Culp’s Hill was the right end of the Union “fishhook,” and saw its fiercest fighting on July 2. By mid-morning of the 2nd the XII Corps was in place and brigade commander George S. Greene led the effort to build defensive works along the Union line. Robert E. Lee’s orders on the second day of fighting consisted of attacks on both ends of the Union line. James Longstreet attacked the Union left (Little Round Top and surrounding area) and Richard Ewell was tasked with the simultaneous attack on the Union right at Culp’s Hill. Ewell began his effort around four in the afternoon, same as Longstreet, but limited it to artillery demonstrations which was not enough to occupy the Union. Meade was more concerned with the heavy attacks on the other end of the line and he pulled the XII, except Greene’s brigade, to help.
Greene’s brigade was too small to cover the entire length of the Union works, only forming a single, overextended battle line. As dusk began to fall, Longstreet’s efforts on the Union left began to settle down. It was then that Ewell chose to begin his main assault. Greene sent for reinforcements from the I and XI Corps as three Confederate brigades of Major General Edward Johnson’s division scrambled up the wooded and rocky hills. Confederates hit the dug in Union position with high loses. The darkness enveloping the field made matters worse as regiments fired on comrades instead of the enemy, Confederates stumbled into unoccupied Union trenches, and soldiers lost their way in the confusion. By the end of the night, Confederates held some of the trenches near Spangler’s Spring while the rest were pulled off the hill to await daylight.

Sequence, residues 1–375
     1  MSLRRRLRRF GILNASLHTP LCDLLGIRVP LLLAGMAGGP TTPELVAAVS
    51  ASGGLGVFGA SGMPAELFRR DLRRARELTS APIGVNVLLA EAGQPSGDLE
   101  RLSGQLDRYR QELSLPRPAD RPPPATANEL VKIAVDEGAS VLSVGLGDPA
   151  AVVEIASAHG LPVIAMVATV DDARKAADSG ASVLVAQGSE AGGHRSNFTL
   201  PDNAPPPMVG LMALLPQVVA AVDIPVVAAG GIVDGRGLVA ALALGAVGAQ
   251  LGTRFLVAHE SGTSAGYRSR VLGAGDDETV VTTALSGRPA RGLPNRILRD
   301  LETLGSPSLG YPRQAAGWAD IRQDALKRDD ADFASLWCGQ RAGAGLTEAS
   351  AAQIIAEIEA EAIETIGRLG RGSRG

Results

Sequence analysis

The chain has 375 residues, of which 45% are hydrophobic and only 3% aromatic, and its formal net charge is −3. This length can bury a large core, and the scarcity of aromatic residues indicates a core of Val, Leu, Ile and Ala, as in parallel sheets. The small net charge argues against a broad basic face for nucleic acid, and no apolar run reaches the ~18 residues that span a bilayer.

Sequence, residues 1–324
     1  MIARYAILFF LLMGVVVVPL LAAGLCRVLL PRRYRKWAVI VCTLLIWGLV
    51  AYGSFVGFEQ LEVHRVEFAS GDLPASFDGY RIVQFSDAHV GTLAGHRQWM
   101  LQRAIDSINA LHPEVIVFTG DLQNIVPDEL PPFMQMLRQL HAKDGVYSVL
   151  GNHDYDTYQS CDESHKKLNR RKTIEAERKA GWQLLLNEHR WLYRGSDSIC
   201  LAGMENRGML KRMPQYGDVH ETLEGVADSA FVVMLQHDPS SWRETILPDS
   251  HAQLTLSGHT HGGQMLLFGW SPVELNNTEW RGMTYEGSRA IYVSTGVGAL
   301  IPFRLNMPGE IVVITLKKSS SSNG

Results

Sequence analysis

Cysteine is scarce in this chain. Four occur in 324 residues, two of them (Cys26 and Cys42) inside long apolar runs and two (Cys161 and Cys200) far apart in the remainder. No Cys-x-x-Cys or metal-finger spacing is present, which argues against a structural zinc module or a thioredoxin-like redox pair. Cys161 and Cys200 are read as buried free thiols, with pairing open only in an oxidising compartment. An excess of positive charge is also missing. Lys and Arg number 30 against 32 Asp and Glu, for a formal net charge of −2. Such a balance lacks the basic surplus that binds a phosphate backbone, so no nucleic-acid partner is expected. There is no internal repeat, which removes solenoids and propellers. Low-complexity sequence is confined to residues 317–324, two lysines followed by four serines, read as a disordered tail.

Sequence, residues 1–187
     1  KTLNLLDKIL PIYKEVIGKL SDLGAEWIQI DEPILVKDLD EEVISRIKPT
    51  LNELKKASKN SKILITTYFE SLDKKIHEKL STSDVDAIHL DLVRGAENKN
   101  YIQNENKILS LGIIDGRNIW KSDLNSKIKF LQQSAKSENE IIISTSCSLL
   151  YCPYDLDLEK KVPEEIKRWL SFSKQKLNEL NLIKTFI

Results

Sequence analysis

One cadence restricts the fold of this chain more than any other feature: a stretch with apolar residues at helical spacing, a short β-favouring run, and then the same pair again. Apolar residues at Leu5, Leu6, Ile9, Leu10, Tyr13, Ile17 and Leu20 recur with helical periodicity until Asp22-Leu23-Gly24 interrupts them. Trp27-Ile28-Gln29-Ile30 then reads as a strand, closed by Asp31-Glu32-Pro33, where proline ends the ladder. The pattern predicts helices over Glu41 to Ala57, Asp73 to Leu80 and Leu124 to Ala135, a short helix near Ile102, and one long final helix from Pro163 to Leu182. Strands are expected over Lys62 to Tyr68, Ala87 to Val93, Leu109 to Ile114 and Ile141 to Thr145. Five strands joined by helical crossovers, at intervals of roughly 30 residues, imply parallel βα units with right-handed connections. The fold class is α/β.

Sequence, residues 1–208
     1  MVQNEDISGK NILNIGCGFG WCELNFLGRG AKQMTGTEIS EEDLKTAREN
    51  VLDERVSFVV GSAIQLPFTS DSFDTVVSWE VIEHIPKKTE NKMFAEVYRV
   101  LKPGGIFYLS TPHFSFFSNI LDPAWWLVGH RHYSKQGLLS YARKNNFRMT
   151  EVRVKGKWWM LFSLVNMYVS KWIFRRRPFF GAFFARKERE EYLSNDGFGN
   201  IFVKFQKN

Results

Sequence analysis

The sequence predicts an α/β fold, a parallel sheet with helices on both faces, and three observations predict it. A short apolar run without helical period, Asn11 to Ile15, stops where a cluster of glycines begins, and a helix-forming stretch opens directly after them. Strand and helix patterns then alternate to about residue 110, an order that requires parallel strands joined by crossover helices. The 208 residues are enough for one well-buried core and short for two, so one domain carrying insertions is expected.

The Confederates resumed their attack at dawn, despite Lee’s wishes to wait for Longstreet to be ready for a coordinated attack. The Union position was strengthened by reinforcements and Greene rotated regiments in the trenches as they fired and reloaded in order to keep up a steady fire. The Confederates attacked three times with heavy losses followed by a futile counterattack by Union troops near Spangler’s Spring. This fighting died down around noon. The failed plan for another attack on the two ends of the Union line ultimately led to Lee’s plan to attack the Union center during the afternoon of July 3.